Learning to Fly

We heard them long before we saw them.
The roof of cypress forest was angry with cackling and screeching. A harshly out of tune orchestra of songbirds were “mobbing” a predator—yelling in effect” Hey leave tourterritory!”

We were biking on the Old River Run, a shell rock path cut through a dense marsh in misty shade of ancient Cypress, Palms, and Banyans at Riverbend Park Jupiter, Florida.
The 680 acre Palm Beach County park and preserve features miles of narrow paths that weave through the watershed of the Loxahatchee River.

Our small group was nearing the end of a great morning of shooting herons, ibis, ducks, and anhingas, before enjoying this rare surprise.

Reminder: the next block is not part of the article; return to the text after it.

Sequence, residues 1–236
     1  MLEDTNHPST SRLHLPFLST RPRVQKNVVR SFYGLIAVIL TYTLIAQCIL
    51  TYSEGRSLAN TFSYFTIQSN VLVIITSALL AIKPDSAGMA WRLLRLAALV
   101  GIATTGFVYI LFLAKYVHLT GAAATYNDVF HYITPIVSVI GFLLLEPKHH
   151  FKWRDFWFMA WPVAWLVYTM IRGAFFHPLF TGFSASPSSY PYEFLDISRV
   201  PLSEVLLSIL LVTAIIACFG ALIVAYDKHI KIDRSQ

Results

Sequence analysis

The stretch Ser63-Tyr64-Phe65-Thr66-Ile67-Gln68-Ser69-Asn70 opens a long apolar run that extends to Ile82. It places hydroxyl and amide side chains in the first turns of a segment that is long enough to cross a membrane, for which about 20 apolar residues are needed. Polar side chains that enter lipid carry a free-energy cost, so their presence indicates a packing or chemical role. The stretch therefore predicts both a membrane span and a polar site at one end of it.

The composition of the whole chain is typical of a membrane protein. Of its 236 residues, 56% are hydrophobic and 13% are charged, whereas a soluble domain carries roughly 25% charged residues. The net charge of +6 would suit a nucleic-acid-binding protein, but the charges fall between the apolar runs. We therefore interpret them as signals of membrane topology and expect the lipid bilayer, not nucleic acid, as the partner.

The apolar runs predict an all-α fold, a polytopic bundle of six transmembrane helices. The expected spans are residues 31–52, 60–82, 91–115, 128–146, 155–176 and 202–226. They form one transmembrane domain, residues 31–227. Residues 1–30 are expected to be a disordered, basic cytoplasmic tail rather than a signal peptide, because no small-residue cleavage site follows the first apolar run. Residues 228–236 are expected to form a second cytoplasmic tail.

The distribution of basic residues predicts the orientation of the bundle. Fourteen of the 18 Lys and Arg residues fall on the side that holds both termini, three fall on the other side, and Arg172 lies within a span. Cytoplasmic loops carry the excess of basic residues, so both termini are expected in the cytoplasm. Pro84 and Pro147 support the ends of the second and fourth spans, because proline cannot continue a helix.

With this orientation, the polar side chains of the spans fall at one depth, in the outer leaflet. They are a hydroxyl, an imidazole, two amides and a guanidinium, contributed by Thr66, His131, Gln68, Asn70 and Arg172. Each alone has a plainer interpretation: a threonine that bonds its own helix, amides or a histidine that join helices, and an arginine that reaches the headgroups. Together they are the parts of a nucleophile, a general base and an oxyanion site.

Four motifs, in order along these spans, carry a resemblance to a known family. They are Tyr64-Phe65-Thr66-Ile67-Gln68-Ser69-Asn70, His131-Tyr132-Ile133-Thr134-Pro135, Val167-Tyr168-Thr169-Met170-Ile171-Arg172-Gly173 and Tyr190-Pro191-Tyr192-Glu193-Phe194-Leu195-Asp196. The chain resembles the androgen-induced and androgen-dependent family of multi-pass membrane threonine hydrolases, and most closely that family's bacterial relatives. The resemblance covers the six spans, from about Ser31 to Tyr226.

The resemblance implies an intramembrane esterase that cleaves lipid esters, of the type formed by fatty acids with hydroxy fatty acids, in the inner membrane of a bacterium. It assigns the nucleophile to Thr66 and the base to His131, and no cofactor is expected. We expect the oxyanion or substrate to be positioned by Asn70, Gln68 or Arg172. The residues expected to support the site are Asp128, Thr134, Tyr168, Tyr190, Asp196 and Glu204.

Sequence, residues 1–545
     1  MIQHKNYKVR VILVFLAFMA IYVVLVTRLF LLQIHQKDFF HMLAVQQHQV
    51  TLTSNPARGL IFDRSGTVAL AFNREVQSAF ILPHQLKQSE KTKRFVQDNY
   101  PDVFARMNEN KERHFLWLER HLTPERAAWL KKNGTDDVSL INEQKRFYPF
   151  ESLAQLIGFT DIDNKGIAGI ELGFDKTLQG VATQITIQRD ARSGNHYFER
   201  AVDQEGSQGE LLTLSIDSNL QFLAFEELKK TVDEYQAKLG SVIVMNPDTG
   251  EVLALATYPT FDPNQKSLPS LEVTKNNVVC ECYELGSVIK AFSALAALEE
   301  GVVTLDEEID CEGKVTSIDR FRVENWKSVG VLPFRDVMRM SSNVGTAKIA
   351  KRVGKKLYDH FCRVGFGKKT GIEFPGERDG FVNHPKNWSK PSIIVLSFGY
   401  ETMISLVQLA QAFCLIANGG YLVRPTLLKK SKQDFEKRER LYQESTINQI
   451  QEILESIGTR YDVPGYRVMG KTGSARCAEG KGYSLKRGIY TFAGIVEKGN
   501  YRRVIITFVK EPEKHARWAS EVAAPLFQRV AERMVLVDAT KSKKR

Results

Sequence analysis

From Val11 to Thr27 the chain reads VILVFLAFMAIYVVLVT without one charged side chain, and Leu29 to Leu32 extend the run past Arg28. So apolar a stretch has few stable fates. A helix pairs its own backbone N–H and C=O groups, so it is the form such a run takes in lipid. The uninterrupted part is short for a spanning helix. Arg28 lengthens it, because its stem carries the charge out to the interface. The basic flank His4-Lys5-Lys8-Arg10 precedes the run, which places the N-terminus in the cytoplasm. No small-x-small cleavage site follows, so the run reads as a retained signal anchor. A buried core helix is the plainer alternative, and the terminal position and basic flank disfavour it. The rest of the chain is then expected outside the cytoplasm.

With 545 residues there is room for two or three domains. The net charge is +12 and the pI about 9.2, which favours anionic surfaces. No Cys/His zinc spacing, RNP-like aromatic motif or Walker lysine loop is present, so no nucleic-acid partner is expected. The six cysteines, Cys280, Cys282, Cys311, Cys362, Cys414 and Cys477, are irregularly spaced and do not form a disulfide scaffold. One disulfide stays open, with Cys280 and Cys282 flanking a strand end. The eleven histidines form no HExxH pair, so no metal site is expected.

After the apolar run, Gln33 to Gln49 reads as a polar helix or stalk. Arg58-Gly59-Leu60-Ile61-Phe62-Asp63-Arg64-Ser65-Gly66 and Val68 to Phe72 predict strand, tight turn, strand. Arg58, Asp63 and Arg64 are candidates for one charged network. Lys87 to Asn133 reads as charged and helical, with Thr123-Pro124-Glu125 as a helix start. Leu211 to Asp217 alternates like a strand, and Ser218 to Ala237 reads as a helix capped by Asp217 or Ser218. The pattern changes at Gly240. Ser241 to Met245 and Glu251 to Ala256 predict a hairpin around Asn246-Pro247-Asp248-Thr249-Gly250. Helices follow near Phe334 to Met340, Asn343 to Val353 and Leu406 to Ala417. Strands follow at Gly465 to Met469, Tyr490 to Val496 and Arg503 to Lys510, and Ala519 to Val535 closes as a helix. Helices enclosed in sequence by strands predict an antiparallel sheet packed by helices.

We quietly set our bikes down, and connected
tripods, cameras and telephotos.

A baritone hoo hoo came from high in the trees. We gazed up to see the shadow the size of a basketball well–camoflaged by mother nature. Not a great photo op, so we systematically scanned the tree trunks from high to low. Our efforts were rewarded with the sight of two fledgling Barre Owls near ground level. They hopped from one cypress knee to the next, attempting to fly.
Their dark eyes stayed fixed in place, while they swiveled their heads on a constant watch for food or enemies.
One of two fledglings successfully flew up to join the parent
high in the tree. The other just hopped about until
his portrait was taken, then walked back into the undercover.